How quickly the palms dry out.
On Palm Sunday, they’re green (well, green-ish, at least around the edges). They’re pliable, and some crafty people manage to weave them into crosses (how do they do that?). But usually by the end of the week, they become brittle and yellow.
This shouldn’t really surprise us, because the palm fronds are dead when they come to us, cut off from the source that nourishes them. Separated from the tree, all they can do, really, is fade and dry out. It happens every year.
We, too, are at risk of drying out. Our best intentions sometimes fail to materialize. What did I say I was going to do for Lent this year when it began on Ash Wednesday? Sustaining our efforts to fast, to give more generously, to pray--just sustaining, to say nothing of growing--is hard. And this year, more than any other, it may feel like we’ve been cut off from the sacramental source that is supposed to nourish us through the season. Will we, like those palms, fade and dry out?
Here in Rhode Island, the governor instructed churches not to distribute palms at all, even outside of Mass. Maybe that’s the case where you are, too. So let’s not worry about the palms. Let’s think instead about the wood of the cross. That wood, too, was hewn from dead logs, cut off from the source that nourished them.
Lumber from recently felled trees has a fair amount of moisture in it. It starts out supple at first, but as it dries, the wood often twists and warps, and that’s not a good thing. This is why most carpenters wait until the wood has dried out before trying to build anything: it becomes lighter, stronger, and more stable in the process.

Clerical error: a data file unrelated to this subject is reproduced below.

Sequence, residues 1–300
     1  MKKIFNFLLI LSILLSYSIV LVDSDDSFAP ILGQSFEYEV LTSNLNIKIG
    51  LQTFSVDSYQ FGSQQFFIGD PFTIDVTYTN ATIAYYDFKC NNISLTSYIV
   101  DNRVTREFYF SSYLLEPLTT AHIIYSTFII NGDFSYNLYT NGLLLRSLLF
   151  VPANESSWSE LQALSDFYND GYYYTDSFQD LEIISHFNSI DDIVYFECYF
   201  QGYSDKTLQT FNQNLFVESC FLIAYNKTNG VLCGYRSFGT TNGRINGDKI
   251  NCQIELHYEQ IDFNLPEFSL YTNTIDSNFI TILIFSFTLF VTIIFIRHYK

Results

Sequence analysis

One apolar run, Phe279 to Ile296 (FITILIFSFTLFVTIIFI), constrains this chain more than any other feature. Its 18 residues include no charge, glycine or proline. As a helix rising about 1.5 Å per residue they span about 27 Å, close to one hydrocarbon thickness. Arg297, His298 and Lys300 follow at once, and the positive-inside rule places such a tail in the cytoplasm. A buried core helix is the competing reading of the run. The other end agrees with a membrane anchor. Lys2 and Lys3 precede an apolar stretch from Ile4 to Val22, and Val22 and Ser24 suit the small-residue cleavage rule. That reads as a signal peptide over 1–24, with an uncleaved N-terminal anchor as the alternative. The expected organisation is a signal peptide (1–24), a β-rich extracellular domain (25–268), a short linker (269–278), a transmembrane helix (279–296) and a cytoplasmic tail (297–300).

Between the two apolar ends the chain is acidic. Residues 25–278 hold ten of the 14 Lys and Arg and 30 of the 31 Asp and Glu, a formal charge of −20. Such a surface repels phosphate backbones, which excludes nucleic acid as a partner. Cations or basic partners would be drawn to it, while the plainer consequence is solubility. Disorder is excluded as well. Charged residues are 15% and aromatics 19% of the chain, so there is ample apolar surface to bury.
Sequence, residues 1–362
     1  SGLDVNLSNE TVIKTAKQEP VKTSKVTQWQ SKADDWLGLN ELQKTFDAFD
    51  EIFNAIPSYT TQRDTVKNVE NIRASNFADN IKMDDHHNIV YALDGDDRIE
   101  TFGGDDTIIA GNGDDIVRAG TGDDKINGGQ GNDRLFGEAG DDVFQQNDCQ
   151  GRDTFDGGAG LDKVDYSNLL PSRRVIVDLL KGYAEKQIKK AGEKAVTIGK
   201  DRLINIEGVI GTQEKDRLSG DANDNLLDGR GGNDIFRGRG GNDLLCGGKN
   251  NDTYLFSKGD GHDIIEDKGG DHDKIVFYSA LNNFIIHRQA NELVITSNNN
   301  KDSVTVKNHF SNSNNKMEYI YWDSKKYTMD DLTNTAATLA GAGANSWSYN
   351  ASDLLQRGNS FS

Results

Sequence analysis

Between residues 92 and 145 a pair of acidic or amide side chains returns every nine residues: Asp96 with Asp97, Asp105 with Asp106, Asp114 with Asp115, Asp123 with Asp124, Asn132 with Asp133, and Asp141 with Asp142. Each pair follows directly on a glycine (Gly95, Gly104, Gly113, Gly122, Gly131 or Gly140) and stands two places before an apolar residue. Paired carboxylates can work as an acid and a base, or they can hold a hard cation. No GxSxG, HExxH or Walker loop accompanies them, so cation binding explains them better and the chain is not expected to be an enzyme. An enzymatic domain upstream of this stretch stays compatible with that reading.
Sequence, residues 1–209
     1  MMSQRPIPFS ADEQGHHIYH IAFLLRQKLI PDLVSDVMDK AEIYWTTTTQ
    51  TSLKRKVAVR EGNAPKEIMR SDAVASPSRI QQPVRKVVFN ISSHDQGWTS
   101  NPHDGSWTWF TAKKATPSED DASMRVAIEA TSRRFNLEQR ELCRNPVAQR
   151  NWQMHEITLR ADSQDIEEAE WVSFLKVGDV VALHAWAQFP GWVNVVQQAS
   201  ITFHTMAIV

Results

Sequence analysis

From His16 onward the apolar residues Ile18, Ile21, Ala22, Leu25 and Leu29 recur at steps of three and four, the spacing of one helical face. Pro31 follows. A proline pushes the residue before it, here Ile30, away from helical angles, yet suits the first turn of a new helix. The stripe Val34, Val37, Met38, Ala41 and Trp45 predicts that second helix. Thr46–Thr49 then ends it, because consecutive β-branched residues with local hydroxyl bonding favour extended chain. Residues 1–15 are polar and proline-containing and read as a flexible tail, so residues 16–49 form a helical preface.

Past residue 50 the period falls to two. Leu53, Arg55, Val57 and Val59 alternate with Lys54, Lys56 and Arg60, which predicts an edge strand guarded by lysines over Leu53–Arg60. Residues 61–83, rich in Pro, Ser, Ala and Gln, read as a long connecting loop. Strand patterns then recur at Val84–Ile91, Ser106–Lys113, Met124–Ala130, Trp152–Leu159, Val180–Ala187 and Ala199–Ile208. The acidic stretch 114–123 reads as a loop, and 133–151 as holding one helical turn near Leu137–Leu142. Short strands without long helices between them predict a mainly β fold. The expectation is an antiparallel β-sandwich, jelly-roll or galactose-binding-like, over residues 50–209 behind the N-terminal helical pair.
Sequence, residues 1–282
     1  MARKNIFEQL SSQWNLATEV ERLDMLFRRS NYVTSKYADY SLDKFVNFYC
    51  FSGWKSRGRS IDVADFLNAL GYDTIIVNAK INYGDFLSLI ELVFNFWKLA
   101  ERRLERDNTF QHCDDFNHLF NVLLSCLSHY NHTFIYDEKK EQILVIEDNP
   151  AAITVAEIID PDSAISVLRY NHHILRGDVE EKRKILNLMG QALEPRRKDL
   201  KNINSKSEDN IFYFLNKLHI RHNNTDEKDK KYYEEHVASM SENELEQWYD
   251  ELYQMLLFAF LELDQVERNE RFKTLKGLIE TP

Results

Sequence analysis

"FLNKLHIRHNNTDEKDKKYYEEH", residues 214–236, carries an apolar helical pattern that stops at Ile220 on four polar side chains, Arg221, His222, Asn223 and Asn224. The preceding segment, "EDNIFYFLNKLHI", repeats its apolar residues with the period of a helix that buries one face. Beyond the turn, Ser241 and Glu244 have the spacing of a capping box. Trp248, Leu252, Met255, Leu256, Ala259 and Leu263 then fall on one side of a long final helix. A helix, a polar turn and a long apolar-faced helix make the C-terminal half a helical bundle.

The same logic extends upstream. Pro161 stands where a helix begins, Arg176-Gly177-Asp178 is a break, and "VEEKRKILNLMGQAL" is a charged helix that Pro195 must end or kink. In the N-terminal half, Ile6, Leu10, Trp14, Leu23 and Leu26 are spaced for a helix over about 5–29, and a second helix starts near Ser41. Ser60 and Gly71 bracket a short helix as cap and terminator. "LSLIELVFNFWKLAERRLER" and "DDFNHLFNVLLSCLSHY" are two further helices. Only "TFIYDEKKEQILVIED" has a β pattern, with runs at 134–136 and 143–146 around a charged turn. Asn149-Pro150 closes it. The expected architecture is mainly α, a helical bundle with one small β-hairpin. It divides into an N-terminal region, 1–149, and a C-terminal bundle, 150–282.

As a woodworker myself, I wonder about the wood of the cross. What species of wood was it? Who built it? Was it quickly fashioned out of rough-hewn logs, or was it more carefully and deliberately constructed?
But I digress…..As I said, that wood was dead.
When Christ is nailed to it, however, the wood of the cross takes on new meaning and the wood, as it were, receives new life. Though separated from the source of its physiological life, it becomes intimately attached to the very author of its metaphysical life.
An ancient hymn by Venantius Fortunatus speaks of this transformation:
Lofty tree, bend down thy branches, to embrace thy sacred load; oh, relax the native tension of that all too rigid wood; gently, gently bear the members of thy dying King and God.
If we feel like we’re drying out, separated from those places and people and things that support and nourish us, unable to participate physically in the Mass and receive the Eucharist, perhaps still we’re becoming stronger in the process, like wood being dried in preparation for building something.
This week, in the midst of an ailing and suffering world, may we prepare ourselves like the cross to become more intimately attached to Jesus than ever, and may He bring us new life.